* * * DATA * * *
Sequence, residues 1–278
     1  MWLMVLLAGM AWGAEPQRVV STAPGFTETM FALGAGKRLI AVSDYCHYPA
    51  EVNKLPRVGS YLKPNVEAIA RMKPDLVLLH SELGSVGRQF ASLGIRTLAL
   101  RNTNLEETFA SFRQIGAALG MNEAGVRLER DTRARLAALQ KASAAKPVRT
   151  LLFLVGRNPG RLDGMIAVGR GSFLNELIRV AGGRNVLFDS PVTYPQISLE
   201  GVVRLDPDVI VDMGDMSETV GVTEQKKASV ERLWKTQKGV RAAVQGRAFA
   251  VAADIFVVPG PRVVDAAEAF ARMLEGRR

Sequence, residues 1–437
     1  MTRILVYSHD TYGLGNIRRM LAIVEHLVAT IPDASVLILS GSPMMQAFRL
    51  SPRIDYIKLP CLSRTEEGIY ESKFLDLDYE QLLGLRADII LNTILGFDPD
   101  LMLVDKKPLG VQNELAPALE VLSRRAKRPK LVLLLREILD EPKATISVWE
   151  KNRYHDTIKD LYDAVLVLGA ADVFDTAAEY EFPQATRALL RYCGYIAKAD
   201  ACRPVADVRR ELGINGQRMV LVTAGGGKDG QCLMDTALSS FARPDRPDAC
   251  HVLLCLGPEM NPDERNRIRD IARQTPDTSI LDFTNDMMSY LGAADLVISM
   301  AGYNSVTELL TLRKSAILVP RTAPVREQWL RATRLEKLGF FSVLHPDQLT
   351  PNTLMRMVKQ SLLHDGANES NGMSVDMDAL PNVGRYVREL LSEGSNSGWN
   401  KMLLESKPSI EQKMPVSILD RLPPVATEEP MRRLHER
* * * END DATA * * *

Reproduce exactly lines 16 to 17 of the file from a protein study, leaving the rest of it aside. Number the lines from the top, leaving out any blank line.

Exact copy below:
   351  PNTLMRMVKQ SLLHDGANES NGMSVDMDAL PNVGRYVREL LSEGSNSGWN
   401  KMLLESKPSI EQKMPVSILD RLPPVATEEP MRRLHER